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Posts Tagged ‘British history’


Dom Moraes: Selected Poems
Ed. by Ranjit Hoskote | Penguin Modern ClassicsRs 499

In the introduction to the first-ever editorial selection of Dom Moraes poems, Ranjit Hoskote proposes a new reading of Moraes’ career as journalist, anthologist and editor, regarding him as an early but unrecognized trans-cultural artist. Hoskote emphasizes the less familiar Moraes, the non Romantic, who offered fierce testimony to the 20th century dramas of betrayal, slaughter and heroism as in this poem titled “Typed With One Finger”:

“Travel with me on the long road
into loneliness, where the hours
offer pardons to those still afraid.
Bursts of white and blue flowers
will surprise you in summer, with
denials of what is called death.”

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Bring Up The Bodies
Hilary Mantel | Fourth Estate | Rs 399

In her sequel to masterful Wolff Hall, for which she received the Man Booker Prize in 2009, Mantel takes a hard look at Thomas Cromwell, Secretary to King Henry VIII. In her telling Cromwell’s fortunes were closely tied with King’s second wife, Ann Boleyn, Queen of England (1533-36) who was subsequently beheaded. In Mantel’s controversial re-telling of the story, many of the events that led to English Reformation were instigated or manipulated by Cromwell. “I am not claiming authority for my version; I am making the reader a proposal, an offer,” says Mantel adding that Cromwell is “still in need of attention from biographers.”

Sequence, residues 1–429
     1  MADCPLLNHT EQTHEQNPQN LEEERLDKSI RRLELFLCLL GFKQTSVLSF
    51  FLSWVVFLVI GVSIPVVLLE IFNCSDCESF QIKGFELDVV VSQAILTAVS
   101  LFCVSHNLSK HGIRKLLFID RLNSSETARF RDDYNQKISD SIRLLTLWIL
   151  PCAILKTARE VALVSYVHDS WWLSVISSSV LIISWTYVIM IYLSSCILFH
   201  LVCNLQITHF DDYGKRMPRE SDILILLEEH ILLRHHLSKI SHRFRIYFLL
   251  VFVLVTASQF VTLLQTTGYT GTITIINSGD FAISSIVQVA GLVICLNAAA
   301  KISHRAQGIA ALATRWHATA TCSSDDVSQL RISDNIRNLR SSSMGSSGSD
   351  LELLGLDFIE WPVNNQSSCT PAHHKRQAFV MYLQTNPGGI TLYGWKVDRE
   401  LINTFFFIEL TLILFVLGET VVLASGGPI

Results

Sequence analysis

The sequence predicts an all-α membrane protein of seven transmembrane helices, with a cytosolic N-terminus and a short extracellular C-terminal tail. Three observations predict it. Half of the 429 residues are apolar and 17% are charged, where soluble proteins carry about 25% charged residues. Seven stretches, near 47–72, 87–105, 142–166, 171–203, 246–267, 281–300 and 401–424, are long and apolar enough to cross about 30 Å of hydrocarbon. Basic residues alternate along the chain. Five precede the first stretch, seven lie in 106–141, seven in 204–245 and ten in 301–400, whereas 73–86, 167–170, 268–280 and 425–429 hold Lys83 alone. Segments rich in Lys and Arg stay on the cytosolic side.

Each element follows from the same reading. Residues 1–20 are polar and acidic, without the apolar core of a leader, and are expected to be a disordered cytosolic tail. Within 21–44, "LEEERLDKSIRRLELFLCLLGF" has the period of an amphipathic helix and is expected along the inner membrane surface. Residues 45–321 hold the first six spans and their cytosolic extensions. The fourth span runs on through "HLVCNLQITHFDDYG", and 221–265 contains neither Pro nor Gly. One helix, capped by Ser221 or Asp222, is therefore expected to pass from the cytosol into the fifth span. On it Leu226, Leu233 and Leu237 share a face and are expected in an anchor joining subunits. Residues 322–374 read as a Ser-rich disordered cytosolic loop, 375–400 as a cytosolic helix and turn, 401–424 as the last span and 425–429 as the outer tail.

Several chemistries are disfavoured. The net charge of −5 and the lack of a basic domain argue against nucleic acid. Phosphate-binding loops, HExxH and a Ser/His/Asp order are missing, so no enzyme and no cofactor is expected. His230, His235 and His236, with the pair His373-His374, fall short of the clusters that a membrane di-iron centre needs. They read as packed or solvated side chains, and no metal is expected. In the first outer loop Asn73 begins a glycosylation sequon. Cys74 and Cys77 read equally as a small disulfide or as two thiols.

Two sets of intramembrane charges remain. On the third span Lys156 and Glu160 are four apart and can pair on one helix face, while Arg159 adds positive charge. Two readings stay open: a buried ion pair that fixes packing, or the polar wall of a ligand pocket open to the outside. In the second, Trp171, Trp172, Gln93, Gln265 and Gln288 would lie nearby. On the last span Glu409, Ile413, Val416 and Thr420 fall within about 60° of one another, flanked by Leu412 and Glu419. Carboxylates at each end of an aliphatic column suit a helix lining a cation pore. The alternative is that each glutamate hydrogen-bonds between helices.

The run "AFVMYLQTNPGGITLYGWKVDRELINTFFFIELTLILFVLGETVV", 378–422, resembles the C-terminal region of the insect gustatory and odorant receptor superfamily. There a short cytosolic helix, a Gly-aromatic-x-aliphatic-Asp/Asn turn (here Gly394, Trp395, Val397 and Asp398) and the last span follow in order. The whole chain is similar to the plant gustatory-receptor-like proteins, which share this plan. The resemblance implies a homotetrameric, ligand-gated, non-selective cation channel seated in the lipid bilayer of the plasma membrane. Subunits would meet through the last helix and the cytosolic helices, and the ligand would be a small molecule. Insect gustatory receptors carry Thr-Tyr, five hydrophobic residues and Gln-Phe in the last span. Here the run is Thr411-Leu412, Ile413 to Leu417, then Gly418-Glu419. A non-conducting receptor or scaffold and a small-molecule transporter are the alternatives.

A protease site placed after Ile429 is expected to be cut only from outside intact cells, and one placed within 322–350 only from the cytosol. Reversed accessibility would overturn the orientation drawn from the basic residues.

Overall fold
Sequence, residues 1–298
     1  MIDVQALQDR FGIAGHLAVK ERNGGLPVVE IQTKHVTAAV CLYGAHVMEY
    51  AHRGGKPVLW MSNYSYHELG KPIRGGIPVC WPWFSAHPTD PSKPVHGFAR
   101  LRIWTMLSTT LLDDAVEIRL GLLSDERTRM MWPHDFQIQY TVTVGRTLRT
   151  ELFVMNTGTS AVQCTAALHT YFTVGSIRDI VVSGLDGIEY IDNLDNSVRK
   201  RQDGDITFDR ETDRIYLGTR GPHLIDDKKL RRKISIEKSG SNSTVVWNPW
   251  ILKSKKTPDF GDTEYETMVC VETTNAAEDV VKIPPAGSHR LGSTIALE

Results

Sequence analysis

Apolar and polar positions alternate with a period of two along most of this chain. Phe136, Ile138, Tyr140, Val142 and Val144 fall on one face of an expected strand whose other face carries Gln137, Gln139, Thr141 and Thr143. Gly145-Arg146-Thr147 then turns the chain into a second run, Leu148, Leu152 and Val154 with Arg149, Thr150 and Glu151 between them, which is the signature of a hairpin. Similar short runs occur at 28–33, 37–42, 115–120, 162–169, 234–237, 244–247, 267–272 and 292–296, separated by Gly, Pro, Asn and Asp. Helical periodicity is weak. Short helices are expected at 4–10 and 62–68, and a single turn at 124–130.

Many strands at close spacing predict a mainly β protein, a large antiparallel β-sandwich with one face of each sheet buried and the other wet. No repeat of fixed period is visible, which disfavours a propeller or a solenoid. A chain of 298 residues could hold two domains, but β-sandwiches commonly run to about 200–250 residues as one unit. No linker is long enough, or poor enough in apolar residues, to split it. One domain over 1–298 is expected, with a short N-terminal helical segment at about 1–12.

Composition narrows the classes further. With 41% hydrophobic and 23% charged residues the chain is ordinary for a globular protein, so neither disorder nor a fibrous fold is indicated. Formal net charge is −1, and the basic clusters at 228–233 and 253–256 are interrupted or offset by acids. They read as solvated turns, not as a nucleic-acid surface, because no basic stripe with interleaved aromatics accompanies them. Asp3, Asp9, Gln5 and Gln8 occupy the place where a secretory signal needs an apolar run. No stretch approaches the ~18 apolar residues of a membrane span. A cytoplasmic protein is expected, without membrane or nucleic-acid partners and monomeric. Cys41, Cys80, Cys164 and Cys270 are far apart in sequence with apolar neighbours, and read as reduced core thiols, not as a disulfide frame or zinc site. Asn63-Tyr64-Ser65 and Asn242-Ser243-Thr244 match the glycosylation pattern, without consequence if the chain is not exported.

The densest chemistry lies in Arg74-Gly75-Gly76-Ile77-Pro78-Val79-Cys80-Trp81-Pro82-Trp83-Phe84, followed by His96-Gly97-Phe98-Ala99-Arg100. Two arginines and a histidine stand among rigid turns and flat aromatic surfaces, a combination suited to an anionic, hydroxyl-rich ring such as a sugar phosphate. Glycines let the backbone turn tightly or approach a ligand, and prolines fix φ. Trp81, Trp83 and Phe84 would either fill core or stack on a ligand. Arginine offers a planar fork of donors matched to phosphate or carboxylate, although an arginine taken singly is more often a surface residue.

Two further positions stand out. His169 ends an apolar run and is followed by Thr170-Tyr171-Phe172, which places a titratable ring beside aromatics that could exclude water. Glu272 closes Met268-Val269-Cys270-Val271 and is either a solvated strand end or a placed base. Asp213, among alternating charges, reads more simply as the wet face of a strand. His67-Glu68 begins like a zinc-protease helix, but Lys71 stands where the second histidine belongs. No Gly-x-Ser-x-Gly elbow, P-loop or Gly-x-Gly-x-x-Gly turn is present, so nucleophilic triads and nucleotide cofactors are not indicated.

(An edited version of the above reviews appeared on Saturday edition of the Mail Today, New Delhi, dated 7 & 14 July 2012)

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